Tim Gellner, director of operational consulting at systems integrator Maverick Technologies, Columbia, Ill., says better graphics with higher resolution aren’t needed. “The sole function of graphic displays is to provide the operator with timely, easily digestible information about the process being controlled and to facilitate the operator’s ability to make the correct decisions when a process upset occurs,” says Gellner. “Unless better graphics can enhance this functionality, they may just be glitz. On the other hand, when using simulation tools for analyzing work streams and product flows through a facility for optimization purposes, the more realistic the graphics, the better the simulation, and the higher the impact.”
Greg McMillan, principal consultant, Emerson Process Management, adds that, “Graphics aren’t as important for process and control system design studies, but they sure help sell the idea and impress users—particularly the ones holding the purse strings.”
Jonathan Phillips, Arena Simulation product manager at Rockwell Automation agrees. “Simulations with detailed animation aid in selling whatever is presented,” he says. “Also, they can help when the audience may not have a great understanding of the system or isn’t focused on its minute details, such as an engineer presenting a proposal to accountants about a capital expenditure.”
Discrete automation simulations generally have better graphics than process modeling. “Discrete automation simulations benefit from detailed visualization,” says Hosni Adra, product manager/partner at CreateASoft. “Graphics help identify where a robot can be positioned in relation to parts and other equipment to improve efficiency and performance.”
For example, CreateASoft built a Simcad simulation of a 300,000 sq ft warehouse. “The company needed to improve efficiency of its put-away process with available material handling equipment,” explains Adra. (Go to www.controlglobal.com/0810_SimWarehouse.html for this video.)
Proposed changes included moving racks further apart and losing one rack of capacity, but the Simcad simulation showed it would work. So, the company reduced head count and improved velocity, and reduced put-away time from 7 hours to 3.5 hours. In the video, you can see simulated robots, AGVs and people scurrying around the warehouse.
Likewise, Molded Fiber Glass (MFG) in Ashtabula, Ohio, produces parts from polyester resins and fiberglass reinforcements (FRP). Robert Morrison, MFG’s founder, says they used Simcad to model a composites manufacturing plant. “The model required tracking multiple variables including cycle times, labor costs, and manpower utilization,” he says. “The goal was to detect and identify bottlenecks, and reduce overall production costs. Using Simcad’s graphical interface, MFG built the model representation of the manufacturing line, and then added manpower allocation and cost detail.”
Using results from Simcad’s animation and line analysis, MFG found its bottlenecks, adopted a proces flow that saved one man hour per part, maintained current production rates, and reduced labor required at the plant.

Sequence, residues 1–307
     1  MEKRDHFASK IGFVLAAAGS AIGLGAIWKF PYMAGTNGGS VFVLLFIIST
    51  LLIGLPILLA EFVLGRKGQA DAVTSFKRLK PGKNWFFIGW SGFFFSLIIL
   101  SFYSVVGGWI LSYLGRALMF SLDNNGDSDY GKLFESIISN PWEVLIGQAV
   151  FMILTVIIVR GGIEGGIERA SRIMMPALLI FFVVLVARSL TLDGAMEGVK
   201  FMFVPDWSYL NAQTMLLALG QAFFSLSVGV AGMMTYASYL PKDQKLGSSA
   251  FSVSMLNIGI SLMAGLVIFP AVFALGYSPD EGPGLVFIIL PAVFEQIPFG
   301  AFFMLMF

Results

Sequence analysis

Driving a Simulator
Tomorrow’s engineers, accustomed to the fast response of computer games, will be bored with traditional process simulators.
“Traditional simulation requires an operator to generate and pass code to a computing engine, which then has to be compiled,” explains Adra. Once the simulation starts, changes can’t be made in a traditional simulator.
The first step in a dynamic simulation, then, seems to be automating the way a simulation is set up.
“ExperTune’s PlantTriage software uses active-model capture technology to develop process models from normal operating data,” says George Buckbee of ExperTune. “The software monitors the process 24x7, finding, qualifying and storing models in a database, so they’re ready for use. This software helps engineers develop a detailed understanding of the dynamic process response. With these models, they can choose control strategies and tuning for optimum process results.”
For instance, Eli Lilly pulled historical data, and fed it into ExperTune’s PID Loop Optimizer to develop dynamic process models of a bioreactor. These model pairings were then used to develop an MPC controller. It was tested offline in a simulator before implementation in the real reactor.
As for “driving” a simulator, many “traditional” simulators can do it. Gellner says, “Even in simple loop-back simulations you can modify parameters on the fly by testing controllers’ responses under well-defined and documented scenarios.”
However, vendors don’t promote dynamic simulation very well. Perhaps because it’s new ground, and many vendors are busy preparing next-generation simulators. Vikas Dhole, vice president of engineering product management at AspenTech, agrees this is possible, but yet scarce. “On-demand decision support provided via real-time simulations is available,” Dhole says. “The challenge is combining a simulation tool’s technical capabilities with a graphical interface that can interpret data quickly and easily. Though these two elements are converging, less than a handful of commercial players are able to support such product development, and even fewer have something available currently.”